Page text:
A research team from Israel’s Ben-Gurion University of the Negev ‘s cyber security research center has discovered a new way of data extraction from air-gapped computers via using passive devices like earphones, headphones, and speakers.
Now, the same research center has claimed to be able to use computer speakers and headphones to act as microphones and receive data. The devices can be used to send back the signals and make the otherwise safe practice of air-gapping less secure.
As per the new technique by information security training professionals, data is extracted in the form of inaudible ultrasonic sound waves and transmission occurs between two computers installed in the same room while data is shared without using microphones.
The research team created a custom protocol to carry out data transmission between two computers. One of them would be air-gapped while the other is connected to the internet and used to further relay the data. Through the attack, researchers claim to carry out speaker-to-headphone, headphone-to-headphone, and speaker-to-speaker data exfiltration.
Findings of this research were published by ArXiv on Friday in an academic paper titled “MOSQUITO: Covert Ultrasonic Transmissions between Two Air-Gapped Computers using Speaker-to-Speaker Communication.” Information security training analysts explained that their research shows how speakers can secretly be used to carry out data transmission between unconnected computers located within a distance of 9 meters.
The reason why they used speakers is that these can be considered microphones working in reverse order; speakers convert electronic signals into acoustic signals whereas microphones convert acoustic signals into electric. The conversion is assisted by a diaphragm in each of these devices, which can be used to reverse the process. This process of reversing the mechanism of a device like a speaker is called jack retasking.
A majority of new audio chipsets can be used for jack retasking because these offer an option of altering the audio port function through software. Malware can be used to reconfigure a speaker or headphone so that it acts like a microphone given that the device is unpowered and passive. The paper reads:
“The fact that loudspeakers, headphones and earphones are physically built like microphones, coupled with the fact that an audio port’s role in the PC can be altered programmatically, changing it from output to input, creates a vulnerability which can be abused by attackers.”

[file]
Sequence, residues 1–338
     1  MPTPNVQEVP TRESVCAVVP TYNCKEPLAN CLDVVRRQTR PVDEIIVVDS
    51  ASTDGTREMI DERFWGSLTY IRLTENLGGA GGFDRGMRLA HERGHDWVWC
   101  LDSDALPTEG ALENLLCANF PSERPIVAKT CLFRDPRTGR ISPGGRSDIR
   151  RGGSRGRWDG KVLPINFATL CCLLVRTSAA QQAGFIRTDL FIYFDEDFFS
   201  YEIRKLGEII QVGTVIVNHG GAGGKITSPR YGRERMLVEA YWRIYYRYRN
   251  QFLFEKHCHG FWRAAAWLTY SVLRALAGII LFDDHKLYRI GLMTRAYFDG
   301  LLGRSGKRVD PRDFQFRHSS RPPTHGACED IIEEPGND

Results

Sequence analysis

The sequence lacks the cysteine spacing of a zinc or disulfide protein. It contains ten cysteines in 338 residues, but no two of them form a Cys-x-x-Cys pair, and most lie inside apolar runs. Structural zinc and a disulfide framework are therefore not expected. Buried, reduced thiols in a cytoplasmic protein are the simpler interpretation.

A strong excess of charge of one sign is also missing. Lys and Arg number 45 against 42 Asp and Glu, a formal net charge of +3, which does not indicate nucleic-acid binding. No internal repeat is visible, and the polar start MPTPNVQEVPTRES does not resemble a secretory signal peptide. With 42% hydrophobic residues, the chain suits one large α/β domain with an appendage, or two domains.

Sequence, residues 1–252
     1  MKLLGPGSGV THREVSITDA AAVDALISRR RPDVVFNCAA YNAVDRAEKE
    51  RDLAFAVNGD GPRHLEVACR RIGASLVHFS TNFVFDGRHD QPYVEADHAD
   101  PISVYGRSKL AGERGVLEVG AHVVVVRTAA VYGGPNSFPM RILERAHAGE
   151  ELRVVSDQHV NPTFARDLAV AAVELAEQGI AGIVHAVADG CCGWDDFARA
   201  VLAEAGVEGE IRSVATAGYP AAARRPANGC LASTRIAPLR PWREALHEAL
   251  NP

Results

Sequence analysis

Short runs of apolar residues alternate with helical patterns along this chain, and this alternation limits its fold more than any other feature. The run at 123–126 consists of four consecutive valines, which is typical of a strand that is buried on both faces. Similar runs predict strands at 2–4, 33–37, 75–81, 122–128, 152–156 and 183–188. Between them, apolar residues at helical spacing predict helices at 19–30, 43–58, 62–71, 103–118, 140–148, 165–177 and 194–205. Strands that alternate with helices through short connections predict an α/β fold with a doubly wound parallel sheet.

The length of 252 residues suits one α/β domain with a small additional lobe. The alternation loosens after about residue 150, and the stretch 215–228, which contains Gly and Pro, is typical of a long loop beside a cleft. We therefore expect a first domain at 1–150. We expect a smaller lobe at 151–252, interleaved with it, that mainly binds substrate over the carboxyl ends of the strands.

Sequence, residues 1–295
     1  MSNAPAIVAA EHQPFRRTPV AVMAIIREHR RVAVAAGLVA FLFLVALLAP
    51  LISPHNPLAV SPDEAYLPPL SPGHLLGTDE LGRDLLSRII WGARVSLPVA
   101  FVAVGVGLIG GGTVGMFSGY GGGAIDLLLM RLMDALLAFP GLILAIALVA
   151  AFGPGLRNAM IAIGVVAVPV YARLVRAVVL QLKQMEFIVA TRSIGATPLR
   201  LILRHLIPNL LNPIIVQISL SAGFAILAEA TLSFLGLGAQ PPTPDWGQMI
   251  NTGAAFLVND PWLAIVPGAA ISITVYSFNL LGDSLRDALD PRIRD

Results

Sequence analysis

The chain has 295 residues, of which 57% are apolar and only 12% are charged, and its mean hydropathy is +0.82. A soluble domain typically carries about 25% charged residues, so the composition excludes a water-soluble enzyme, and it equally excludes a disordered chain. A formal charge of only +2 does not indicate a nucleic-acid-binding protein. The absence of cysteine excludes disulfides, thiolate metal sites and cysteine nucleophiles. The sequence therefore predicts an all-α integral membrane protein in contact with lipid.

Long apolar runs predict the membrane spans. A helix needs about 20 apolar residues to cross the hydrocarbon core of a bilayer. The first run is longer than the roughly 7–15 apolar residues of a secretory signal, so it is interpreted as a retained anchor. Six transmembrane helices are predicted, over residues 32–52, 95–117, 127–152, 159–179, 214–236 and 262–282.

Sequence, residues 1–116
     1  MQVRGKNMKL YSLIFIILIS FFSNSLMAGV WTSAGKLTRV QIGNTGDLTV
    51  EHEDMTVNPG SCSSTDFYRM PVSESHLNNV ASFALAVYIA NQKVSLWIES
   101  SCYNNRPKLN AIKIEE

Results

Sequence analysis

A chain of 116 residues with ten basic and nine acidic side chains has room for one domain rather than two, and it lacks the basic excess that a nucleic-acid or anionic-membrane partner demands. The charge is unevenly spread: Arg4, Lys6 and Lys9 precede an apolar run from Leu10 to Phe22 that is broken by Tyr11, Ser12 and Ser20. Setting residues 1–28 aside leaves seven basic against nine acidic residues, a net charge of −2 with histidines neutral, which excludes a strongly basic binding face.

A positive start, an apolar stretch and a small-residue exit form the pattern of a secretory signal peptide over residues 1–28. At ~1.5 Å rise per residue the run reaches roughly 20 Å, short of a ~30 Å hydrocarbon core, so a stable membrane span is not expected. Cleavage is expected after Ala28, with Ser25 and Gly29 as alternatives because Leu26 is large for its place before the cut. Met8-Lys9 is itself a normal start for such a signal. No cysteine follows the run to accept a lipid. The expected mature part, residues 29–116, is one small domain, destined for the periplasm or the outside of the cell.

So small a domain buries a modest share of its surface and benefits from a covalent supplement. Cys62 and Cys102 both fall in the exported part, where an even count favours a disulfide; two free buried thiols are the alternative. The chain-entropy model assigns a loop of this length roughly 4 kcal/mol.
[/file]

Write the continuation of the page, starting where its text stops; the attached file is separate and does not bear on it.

In the MOSQUITO attack, the information security training researchers used infected an air-gapped computer and could also be used to modulate or transform locally stored documents into audio signals. These signals could easily be relayed to another computer using headphones, earbuds or speakers.
The receiving computer would also be infected with malware and will convert connected speakers or headphones using jack retasking technique to make them serve as a microphone. The catch is that most of the PCs now have passive speakers while these have active, powered headphones, earbuds, and speakers.
Researchers could achieve data transmission successfully at the rate of 166 bit/sec using frequencies ranging between 18 to 24 kHz. There was just 1% error rate when data was transmitted to a 1kb binary file within the distance of 3meters. If the distance is increased to up to 9 meters, a 10 bit/sec transmission rate was achieved with the same error rate.
Authors also provided various mitigation techniques but admitted that all had their limitations. These techniques included designing speakers and headphones equipped with onboard amplifiers to prevent their use as a microphone.
Alternately, an ultrasonic jammer can be used and ultrasonic transmissions can be scanned. The software can be developed for preventing jack retasking and using UEFI/BIOS to fully disable audio hardware. Although there is another more practical solution for disconnecting the headphones or speakers it is not a very feasible method. While information security training analysts believes that monitoring ultrasonic band is a much more practical and reliable solution but when applied, it is bound to raise false alarms.
Working as a cyber security solutions architect, Alisa focuses on bug bounty and network security. Before joining us she held a cyber security researcher positions within a variety of cyber security start-ups. She also experience in different industry domains like finance, healthcare and consumer products.